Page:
Arusha, 25 June 2008 (FH) - Genocide-accused former boss of Rwandan tea authority , Michel Baragaragaza, has signed a guilty plea agreement over the 1994 killings with the Office of Prosecutor (OTP) of the International Criminal Tribunal for Rwanda (ICTR).

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However, the details of the agreement remain confidential, reports Hirondelle Agency.

Two former officials prosecuted by the ICTR in two separate cases-- Protais Zigiranyirazo, brother-in-law of the former Rwandan President Juvenal Habyarimana and Joseph Nzirorera, a former important figure in then Habyarimana regime-- have filed a motion requesting for the agreement to be transmitted to them, which is a useful document to their defence before the UN Court, trying the key architects of the 1994 slaughter.

"The Prosecutor requests the Trial Chamber to dismiss the defence motion in its entirety or in the alternative, to maintain the confidentiality of plea agreement until the acceptance of Bagaragaza's guilty plea in an open court,'' responded Senior Trial Attorney, Tanzanian Wallace Kapaya ,in his written submission dated 17 June and posted to the UN web site.

The hearing of the guilty-plea motion has been scheduled for 4 July.

Bagaragaza was transferred in mid May back to Arusha from the Hague, The Netherlands, following revocation of an application by the ICTR Prosecutor for referral of the case because the Dutch courts do not have any jurisdiction in trying such a case.

Bagaragaza, on 16 August 2005, surrendered to the Tribunal in Arusha and was charged with four counts of genocide and crimes against humanity.

On 18 August 2005, the accused was transferred to the Special UN Detention Facility (UNDF) of the International Criminal Tribunal for the former Yugoslavia (ICTY) following a request by the ICTR Prosecutor to grant the transfer for security reasons.

This was followed by two attempts by the Prosecutor to transfer Bagaragaza's case to Norway and to The Netherlands.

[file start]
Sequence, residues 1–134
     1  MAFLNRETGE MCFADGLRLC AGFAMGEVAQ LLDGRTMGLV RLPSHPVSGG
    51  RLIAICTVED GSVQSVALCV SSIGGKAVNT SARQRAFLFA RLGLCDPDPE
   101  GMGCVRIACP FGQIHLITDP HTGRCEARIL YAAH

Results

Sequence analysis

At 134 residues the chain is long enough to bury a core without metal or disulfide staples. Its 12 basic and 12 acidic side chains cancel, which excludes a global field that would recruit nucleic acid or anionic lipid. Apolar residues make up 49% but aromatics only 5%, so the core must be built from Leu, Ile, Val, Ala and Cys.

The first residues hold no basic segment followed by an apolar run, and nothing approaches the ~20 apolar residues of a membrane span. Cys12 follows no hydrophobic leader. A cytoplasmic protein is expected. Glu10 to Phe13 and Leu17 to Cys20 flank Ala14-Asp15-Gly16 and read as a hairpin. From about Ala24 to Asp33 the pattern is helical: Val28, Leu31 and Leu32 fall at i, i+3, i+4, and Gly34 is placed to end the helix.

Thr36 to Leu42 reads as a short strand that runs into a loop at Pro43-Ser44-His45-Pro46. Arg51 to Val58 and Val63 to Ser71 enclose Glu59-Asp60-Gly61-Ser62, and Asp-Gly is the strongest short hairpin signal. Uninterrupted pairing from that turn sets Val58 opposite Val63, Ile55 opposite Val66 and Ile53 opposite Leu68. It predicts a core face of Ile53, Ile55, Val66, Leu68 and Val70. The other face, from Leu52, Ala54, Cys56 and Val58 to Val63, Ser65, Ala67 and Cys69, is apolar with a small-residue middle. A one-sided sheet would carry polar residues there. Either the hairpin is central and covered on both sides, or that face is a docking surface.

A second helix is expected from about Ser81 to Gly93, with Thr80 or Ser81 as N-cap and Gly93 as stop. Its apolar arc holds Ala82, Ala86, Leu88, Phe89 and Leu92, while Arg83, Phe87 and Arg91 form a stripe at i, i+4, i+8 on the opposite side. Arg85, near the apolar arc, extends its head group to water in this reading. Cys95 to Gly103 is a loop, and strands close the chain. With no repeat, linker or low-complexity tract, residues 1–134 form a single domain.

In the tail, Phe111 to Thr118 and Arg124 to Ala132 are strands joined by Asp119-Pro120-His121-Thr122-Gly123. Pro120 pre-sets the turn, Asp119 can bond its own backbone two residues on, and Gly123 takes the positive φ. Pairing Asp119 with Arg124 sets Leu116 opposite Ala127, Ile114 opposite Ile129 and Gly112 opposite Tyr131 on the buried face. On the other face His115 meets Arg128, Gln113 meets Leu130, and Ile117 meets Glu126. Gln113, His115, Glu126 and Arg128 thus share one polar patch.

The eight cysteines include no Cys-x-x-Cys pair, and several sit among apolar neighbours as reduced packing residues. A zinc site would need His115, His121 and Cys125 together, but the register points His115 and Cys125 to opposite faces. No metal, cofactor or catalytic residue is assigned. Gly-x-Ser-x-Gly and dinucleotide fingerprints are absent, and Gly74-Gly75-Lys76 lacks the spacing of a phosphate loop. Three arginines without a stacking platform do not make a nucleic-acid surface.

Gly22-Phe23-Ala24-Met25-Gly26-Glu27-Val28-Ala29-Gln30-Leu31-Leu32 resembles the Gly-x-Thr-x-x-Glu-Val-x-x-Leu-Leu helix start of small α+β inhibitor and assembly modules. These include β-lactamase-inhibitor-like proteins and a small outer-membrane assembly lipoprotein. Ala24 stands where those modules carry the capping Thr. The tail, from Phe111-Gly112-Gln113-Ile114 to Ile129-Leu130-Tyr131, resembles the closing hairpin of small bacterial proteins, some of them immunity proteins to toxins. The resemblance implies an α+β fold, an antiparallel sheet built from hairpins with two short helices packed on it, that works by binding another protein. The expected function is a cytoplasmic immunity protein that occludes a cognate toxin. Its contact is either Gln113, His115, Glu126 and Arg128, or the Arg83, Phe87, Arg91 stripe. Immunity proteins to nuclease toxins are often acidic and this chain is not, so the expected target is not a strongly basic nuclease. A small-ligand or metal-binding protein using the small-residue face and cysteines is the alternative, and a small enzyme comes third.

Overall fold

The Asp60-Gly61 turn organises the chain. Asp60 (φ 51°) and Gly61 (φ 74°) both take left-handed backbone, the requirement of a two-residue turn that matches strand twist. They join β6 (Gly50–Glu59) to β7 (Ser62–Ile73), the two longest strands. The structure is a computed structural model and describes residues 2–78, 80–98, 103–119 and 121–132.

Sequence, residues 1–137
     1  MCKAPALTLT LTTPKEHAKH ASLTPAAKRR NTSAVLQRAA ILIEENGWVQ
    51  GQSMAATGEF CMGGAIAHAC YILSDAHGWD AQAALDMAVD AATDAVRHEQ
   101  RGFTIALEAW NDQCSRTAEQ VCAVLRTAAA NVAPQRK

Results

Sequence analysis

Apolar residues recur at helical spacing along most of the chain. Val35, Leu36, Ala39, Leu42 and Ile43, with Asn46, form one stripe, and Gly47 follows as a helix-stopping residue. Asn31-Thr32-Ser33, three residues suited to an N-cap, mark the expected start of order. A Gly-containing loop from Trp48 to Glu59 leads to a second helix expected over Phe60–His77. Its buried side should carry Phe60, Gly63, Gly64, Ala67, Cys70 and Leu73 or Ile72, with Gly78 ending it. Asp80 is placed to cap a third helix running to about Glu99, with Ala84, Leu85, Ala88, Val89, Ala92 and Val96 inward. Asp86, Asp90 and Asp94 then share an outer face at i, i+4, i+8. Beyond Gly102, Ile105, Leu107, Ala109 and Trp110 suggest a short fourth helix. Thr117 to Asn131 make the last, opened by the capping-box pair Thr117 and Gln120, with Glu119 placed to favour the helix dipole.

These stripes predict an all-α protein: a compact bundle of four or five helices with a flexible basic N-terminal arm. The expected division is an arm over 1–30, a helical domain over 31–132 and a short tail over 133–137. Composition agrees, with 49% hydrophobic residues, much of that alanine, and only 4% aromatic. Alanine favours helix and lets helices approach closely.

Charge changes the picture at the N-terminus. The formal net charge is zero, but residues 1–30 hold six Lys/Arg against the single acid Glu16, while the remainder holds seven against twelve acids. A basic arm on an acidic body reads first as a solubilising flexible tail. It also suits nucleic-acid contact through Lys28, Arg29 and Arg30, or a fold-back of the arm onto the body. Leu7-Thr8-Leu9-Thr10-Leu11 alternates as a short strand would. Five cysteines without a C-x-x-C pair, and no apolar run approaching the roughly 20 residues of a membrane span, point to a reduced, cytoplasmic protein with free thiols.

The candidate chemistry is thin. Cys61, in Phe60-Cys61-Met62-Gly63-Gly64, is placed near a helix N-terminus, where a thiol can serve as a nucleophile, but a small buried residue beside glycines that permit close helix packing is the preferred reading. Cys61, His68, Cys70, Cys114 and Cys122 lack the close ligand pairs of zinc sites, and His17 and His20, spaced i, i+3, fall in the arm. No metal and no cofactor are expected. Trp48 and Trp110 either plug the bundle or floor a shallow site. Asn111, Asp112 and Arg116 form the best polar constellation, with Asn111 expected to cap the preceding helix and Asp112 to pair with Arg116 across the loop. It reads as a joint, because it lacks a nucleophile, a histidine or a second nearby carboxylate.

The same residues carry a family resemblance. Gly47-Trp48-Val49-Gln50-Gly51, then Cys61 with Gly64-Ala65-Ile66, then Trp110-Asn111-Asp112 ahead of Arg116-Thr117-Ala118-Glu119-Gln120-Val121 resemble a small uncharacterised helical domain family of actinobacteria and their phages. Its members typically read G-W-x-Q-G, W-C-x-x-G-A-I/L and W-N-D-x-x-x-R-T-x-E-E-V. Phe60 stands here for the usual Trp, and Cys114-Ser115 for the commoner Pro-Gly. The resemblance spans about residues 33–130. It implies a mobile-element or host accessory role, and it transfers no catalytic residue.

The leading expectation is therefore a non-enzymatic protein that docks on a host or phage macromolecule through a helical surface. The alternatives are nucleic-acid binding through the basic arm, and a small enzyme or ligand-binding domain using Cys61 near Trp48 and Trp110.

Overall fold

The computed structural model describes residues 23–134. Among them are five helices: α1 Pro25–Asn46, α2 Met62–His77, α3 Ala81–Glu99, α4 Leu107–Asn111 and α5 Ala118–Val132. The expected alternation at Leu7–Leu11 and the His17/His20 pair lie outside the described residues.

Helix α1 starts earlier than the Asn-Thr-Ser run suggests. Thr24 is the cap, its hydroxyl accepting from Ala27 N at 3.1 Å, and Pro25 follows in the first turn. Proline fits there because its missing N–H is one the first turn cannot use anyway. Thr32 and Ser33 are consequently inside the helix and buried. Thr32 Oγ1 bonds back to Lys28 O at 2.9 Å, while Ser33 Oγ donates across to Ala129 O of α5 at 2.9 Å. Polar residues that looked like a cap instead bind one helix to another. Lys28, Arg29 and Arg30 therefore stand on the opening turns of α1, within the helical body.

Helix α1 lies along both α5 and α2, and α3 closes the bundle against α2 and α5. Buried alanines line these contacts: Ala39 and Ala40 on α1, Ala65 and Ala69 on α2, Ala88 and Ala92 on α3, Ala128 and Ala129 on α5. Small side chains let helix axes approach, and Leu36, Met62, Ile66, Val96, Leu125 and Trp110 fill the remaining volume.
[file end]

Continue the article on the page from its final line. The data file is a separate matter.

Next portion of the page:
In the case of Norway, the Trial Chamber, relying on the submissions by the Norwegian Prosecutor, found that Oslo did not provide for the crime of genocide, which was alleged in the Indictment, and therefore denied the application.

When the Prosecution renewed its request for referral to The Netherlands, it was supported by a statement of the Dutch prosecutor that the Netherlands had jurisdiction to try the case. However, The Hague District Court afterwards stated that the Dutch Courts do not also have any jurisdiction in trying such cases.

Bagaragaza, a close relation of the former President Juvenal Habyarimana, is accused of having contributed to create, finance, train and arm the Interahamwe militia, the main armed faction of the1994 genocide.

Bagaragaza, if his guilty plea is accepted by the Chamber, will be the ninth defendant of the ICTR to recognize their guilt in the 1994 genocide.

Except for the former Prime Minister Jean Kambanda, all the persons who have pleaded guilty have benefited from a substantial reduction in their sentences.

One of them, the former town councillor Vincent Rutaganira, was released from prison at the beginning of March after having served his six years; the shortest sentenced ever delivered by the ICTR.

Headquartered in Arusha, Tanzania, the ICTR has delivered so far, 30 convictions and 5 acquittals.


© Hirondelle News Agency